When you view the world from the satisfied environs of Washington — a place where lawyers outnumber machinists 27 to 1 and where five suburban counties rank among the seven wealthiest in the nation — the fantasies of postindustrial liberalism make perfect sense. The reign of the “knowledge workers” seems noble.

Seen from almost anywhere else, however, these are lousy times. The latest data confirms that as the productivity of workers has increased, the ones reaping the benefits are stockholders. Census data tells us that the only reason family income is keeping up with inflation is that more family members are working.

Everything I have written about in this space points to the same conclusion: Democratic leaders must learn to talk about class issues again. But they won’t on their own. So pressure must come from traditional liberal constituencies and the grass roots, like the much-vilified bloggers. Liberalism also needs strong, well-funded institutions fighting the rhetorical battle. Laying out policy objectives is all well and good, but the reason the right has prevailed is its army of journalists and public intellectuals. Moving the economic debate to the right are dozens if not hundreds of well-funded Washington think tanks, lobbying outfits and news media outlets. Pushing the other way are perhaps 10.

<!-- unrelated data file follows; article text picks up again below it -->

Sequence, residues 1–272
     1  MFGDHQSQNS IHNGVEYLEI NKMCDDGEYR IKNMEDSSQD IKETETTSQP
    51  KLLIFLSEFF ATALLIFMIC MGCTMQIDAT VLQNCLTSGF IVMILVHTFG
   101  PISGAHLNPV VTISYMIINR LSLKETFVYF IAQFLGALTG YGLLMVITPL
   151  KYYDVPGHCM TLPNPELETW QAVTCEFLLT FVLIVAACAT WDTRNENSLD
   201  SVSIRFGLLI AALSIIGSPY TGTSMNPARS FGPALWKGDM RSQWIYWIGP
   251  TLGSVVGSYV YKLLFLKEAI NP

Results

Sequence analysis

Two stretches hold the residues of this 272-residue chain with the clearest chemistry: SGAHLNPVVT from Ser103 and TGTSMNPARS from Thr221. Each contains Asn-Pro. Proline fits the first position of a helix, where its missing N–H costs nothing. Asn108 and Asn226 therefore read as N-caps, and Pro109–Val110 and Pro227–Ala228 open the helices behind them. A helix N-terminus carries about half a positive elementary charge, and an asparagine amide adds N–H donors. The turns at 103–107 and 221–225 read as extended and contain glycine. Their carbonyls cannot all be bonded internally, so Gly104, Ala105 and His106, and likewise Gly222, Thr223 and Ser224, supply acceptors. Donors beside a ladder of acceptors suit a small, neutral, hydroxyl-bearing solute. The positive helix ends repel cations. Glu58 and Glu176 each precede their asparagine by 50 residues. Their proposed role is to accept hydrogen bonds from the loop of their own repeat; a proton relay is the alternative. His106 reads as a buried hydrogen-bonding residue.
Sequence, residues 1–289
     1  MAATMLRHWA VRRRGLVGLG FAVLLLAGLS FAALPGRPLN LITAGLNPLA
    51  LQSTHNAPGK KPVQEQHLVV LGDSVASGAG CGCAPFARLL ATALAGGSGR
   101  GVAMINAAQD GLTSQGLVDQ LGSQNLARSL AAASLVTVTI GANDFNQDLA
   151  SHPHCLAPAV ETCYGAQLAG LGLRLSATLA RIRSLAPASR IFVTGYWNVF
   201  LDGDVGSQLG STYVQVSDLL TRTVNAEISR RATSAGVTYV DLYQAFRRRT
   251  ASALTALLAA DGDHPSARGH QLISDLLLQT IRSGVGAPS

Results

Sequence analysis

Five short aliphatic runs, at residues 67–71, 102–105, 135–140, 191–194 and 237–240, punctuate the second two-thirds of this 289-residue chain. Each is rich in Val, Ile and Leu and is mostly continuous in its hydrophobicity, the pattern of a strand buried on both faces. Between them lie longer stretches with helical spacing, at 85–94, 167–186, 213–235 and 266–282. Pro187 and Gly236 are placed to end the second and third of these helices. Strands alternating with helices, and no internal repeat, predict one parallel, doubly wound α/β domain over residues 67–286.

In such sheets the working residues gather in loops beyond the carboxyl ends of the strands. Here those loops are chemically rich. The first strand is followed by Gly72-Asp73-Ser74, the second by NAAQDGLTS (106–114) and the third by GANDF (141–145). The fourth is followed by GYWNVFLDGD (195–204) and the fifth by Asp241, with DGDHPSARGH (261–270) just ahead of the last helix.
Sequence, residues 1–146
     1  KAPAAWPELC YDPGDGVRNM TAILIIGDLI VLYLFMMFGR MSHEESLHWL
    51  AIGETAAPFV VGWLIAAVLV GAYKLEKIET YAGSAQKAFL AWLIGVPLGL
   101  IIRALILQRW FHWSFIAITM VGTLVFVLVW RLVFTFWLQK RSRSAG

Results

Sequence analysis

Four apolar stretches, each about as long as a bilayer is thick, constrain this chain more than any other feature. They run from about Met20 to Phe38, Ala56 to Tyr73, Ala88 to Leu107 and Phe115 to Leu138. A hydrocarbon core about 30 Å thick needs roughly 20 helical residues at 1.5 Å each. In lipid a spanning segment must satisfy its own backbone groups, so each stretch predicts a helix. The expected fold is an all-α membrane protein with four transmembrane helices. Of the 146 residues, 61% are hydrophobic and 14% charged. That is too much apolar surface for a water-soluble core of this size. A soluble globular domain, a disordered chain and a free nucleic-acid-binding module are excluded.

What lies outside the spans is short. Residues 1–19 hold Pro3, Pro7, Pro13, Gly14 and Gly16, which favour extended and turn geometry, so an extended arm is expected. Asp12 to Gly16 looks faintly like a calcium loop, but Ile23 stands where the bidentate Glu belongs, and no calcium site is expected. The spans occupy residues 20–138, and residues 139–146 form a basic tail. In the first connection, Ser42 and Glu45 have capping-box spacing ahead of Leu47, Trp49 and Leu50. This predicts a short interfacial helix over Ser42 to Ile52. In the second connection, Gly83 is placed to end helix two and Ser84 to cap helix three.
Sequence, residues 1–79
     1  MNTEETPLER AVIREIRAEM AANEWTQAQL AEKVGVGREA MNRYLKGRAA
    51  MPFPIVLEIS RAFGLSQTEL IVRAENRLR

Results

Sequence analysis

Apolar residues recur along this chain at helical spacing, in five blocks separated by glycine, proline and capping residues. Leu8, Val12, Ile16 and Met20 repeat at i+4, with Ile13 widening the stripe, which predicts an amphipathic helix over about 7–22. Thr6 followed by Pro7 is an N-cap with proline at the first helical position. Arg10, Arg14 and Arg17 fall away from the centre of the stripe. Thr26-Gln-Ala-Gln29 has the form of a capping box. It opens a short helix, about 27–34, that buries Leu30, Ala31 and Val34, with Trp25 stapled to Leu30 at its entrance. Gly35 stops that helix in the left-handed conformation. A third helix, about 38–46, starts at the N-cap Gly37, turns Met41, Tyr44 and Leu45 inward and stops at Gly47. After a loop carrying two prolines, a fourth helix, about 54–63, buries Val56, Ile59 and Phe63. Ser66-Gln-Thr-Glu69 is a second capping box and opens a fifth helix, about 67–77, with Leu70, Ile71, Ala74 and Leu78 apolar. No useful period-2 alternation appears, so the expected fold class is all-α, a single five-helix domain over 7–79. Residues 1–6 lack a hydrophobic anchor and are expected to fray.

The more comfortable option for Democrats is to maintain their present course, gaming out each election with political science and a little triangulation magic, their relevance slowly ebbing as memories of the middle-class republic fade.
I had to click on Franks' "stemwinder"link and it took me to Franklin Roosevelt's address to the 1936 Democratic Convention. Click on the link! Read it! Just a teaser:
For out of this modern civilization economic royalists carved new dynasties. New kingdoms were built upon concentration of control over material things. Through new uses of corporations, banks and securities, new machinery of industry and agriculture, of labor and capital-all undreamed of by the fathers-the whole structure of modern life was impressed into this royal service.

There was no place among this royalty for our many thousands of small business men and merchants who sought to make a worthy use of the American system of initiative and profit. They were no more free than the worker or the farmer. Even honest and progressive-minded men of wealth, aware of their obligation to their generation, could never know just where they fitted into this dynastic scheme of things.

It was natural and perhaps human that the privileged princes of these new economic dynasties, thirsting for power, reached out for control over Government itself. They created a new despotism and wrapped it in the robes of legal sanction. In its service new mercenaries sought to regiment the people, their labor, and their property. And as a result the average man once more confronts the problem that faced the Minute Man.